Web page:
Mantilla the Hon on Comfortable Churches

Guest blogger Mantilla Amontillado is the founder of Veritas Vestments. She holds a degree in Ecclesiastical Haberdashery from Salamanca University. She has done the pilgrimage to Santiago de Compostella three times on horseback and is engaged to the famous matador, Senor Augusto Torquemada.

Okay hon. Sorry I not been writing here for such a long time, but I been really pretty busy with my business Veritas Vestments you know? So I am making a trip to America to see some people who maybe want to buy my range of fashion birettas and I have a good time, but let me tell you something hon. The Catholic churches there are not too great you know?

In Spain maybe we get used to having these beautiful old churches. They have been there for maybe a thousand years and maybe they are part of the scenery you know? That’s a hill. There’s a church. Same thing. But in America the churches that are new are not so good. Sometime they look like a teepee or maybe one that I see looks like a ice cream cone that has fallen upside down on the floor.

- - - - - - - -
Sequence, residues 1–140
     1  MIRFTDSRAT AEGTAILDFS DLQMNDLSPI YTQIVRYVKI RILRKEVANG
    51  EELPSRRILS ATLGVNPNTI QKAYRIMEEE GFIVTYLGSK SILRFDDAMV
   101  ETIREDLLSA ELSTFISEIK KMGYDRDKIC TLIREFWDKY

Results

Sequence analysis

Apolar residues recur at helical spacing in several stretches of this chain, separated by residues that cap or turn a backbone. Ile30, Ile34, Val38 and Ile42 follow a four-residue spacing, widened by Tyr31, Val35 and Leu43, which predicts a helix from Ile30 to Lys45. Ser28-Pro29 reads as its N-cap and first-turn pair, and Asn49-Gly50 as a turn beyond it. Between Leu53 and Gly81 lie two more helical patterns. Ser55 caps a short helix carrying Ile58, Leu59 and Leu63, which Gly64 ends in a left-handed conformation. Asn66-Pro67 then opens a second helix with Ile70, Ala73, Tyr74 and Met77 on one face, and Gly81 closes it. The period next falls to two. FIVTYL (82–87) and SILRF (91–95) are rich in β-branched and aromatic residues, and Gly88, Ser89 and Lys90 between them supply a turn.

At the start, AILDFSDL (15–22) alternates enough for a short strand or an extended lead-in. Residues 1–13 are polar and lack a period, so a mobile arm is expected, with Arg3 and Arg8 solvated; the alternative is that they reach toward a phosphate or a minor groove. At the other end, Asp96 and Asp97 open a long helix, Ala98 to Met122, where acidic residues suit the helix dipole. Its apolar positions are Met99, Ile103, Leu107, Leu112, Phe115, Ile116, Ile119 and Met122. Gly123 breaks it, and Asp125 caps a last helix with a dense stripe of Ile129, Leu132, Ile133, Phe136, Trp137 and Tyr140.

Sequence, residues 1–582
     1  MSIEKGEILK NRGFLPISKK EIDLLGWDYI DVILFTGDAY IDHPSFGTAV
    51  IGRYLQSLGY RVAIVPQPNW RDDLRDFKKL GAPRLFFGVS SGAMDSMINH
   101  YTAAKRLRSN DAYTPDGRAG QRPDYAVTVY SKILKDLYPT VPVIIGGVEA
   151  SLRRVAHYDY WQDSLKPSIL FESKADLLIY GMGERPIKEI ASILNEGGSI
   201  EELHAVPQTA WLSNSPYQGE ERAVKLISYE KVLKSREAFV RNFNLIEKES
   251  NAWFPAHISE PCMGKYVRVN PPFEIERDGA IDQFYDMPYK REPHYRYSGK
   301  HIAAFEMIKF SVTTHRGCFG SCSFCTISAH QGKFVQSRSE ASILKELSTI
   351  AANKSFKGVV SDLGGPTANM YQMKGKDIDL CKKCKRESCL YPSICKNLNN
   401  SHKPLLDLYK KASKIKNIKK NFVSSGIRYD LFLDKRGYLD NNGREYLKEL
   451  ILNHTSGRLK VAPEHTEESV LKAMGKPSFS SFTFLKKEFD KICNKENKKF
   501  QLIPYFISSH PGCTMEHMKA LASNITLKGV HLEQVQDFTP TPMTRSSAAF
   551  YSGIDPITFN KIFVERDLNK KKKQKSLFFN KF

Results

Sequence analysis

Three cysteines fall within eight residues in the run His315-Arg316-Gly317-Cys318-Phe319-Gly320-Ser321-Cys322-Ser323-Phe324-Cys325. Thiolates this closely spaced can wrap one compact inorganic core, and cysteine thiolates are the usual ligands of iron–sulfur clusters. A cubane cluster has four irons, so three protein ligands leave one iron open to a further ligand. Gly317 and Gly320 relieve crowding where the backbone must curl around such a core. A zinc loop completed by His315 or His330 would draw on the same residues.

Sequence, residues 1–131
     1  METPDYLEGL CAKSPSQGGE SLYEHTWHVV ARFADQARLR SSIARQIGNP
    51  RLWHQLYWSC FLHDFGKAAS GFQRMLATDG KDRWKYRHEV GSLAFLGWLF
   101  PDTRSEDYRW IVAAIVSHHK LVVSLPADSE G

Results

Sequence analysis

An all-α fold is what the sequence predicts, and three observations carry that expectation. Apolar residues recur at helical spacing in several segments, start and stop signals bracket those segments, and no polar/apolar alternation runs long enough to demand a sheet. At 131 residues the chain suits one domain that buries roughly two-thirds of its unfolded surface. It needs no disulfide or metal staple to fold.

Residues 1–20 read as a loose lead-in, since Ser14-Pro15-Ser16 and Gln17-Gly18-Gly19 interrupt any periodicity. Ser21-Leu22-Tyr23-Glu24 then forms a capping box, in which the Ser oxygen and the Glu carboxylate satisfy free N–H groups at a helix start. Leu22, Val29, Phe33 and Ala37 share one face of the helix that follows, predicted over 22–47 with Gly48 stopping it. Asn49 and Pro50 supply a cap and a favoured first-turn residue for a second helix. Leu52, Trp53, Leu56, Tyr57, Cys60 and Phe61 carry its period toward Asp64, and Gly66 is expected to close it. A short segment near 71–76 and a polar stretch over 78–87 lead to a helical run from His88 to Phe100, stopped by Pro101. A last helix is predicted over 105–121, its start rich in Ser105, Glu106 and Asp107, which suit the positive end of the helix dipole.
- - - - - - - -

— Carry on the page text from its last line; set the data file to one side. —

So, I go into this church and it has carpeting on the floor and the seats all have cushions on them and they don’t have no kneelers in them. When Mass starts up they have low lights sometimes and bright lights and big sound machines. People are singing into the microphones like we are at some kind of pop music concert. Then I notice Father is not preaching a homily after the gospel. He come down among the people like somebody you see on TV being real friendly and smiling too much. I think maybe he is going to say “Let’s make a deal!” or “Hey, Maybe you win a trip to Disneyland this week at Mass!” or “Hey, this week we are going to have a talent show!”

Everything is like a theater or something like that, and this one priest he has a mustache and his hair is combed so you can’t see he is maybe a little bald and he is smiling all the time. He make me feel creepy and I remember Augusto say you should never trust a priest who has a mustache. Anyway hon, I have been to some concerts,  and let me tell you, this is not a very good concert.